Members of Manhattan Community Board 5 recommended rejection Thursday night of two large-scale plans that could have major implications on Midtown redevelopment.
The board passed resolutions opposing a Mayor Eric Adams-backed plan that would fast-track the development of casinos, as well as Gov. Kathy Hochul’s Penn Station-area redevelopment plan. In both motions, the advisory panel argued the plans would discourage housing development in the district.
The board unanimously passed its resolution against the casino zoning text amendment. The move adds Board 5 to a growing number of Manhattan community boards to do so.
Its resolution concerning the Penn Station redevelopment plan passed with a few members voting against. Though the board has a history of opposition to the Penn Station plan and has overwhelmingly passed resolutions against various elements of it before, three members disagreed on the substance of this particular strain of criticism.
The city casino zoning proposal would create a map of certain commercial or industrial zoning districts, which would frictionlessly permit casino development, instead of using the city’s zoning process called the Uniform Land Use Review Procedure, or ULURP, which would force each proposed site to go through an individual review.
“It basically gives up any opportunity to say what a casino should look like, what kind of bulk, what kind of signage, what kind of public realm around each specific casino should actually be required,” said Layla Law-Gisiko, the board’s Land Use Committee chair.
Law-Gisiko also raised the issue that the plan would create a regulatory vacuum on the land use of each site. She said that this could cause problems if the casino decided it wanted to build a hotel — a type of zoning that is by special permit only and requires considerable community input.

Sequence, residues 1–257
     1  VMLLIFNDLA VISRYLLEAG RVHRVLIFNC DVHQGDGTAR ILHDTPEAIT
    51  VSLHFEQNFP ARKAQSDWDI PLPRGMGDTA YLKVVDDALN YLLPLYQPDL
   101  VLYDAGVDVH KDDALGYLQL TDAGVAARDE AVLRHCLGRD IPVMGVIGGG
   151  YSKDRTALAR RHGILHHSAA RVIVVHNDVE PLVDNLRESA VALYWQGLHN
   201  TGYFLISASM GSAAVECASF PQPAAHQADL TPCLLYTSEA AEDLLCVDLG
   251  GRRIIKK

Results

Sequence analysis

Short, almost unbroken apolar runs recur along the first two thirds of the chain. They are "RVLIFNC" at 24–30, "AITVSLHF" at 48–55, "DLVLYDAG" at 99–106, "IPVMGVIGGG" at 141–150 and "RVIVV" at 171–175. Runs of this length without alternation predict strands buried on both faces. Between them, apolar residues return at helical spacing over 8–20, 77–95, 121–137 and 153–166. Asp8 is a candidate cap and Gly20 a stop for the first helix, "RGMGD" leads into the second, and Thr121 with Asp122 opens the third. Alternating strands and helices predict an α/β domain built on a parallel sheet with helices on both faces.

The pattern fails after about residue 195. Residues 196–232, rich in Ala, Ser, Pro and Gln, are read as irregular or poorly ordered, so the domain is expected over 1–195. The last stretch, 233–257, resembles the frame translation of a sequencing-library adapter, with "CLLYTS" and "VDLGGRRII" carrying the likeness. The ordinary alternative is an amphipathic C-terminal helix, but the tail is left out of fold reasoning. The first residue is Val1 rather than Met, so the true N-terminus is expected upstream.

The board’s second resolution topic, the land use proposal that the state has designed for Penn Station, would override New York City zoning rules to redevelop nine blocks around the train hall. The plan would involve 10 new buildings on eight development sites, creating around 18 million square feet of office, retail and hotel space.
What the community board argued in its resolution was that the change in zoning would actually preclude the development of residential units on four of the 10 sites.
“Under city rule residential use is permitted. Under the [state’s general project plan] it is not. Given the housing shortage that the city is undergoing and especially acutely in CD5, we feel there is yet another reason to actually ask for the retiring of this proposal,” Law-Gisiko said.
The three community members who ultimately voted against the resolution agreed with Law-Gisiko’s premise that developing new housing stock should be a priority for the community board, but didn’t side with her conclusion about the Penn Station plan.
Board member Samir Lavingia argued that because of the height limits of the floor-area-ratio (FAR) in the current zoning, it wouldn’t be realistic to expect any developer to buy one of the sites and build affordable housing. If any parcels in the plan became residential housing, he argued, it would most likely be luxury housing because the land values in that area of the city are some of the highest in the country.
“We are not going to see any residential housing and zero units of affordable housing. Again, even if we build housing on these sites, zero them to be affordable,” Lavingia said.
Law-Gisiko responded that she thought a combination of real estate lending practices and tax exemptions could make residential development in the surrounding area appealing for developers.
“By saying we don’t like the [general project plan] we consistently hope not to be at war with anyone,” Law-Gisiko said. “But to tell them sometimes forcefully, please go back to the drawing board.”